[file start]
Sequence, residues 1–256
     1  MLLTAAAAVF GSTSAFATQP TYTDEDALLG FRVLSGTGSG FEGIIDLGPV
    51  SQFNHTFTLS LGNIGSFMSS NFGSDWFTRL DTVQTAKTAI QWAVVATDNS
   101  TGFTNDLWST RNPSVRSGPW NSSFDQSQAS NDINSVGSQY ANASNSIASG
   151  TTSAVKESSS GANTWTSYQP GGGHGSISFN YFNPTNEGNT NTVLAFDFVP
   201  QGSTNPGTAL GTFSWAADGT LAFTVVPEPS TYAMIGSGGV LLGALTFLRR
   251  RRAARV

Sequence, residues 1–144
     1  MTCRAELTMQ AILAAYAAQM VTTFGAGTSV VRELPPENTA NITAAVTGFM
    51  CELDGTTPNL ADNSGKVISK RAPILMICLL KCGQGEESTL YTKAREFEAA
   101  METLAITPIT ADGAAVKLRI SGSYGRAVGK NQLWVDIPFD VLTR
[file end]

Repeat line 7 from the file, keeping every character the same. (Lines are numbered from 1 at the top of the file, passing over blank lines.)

   251  RRAARV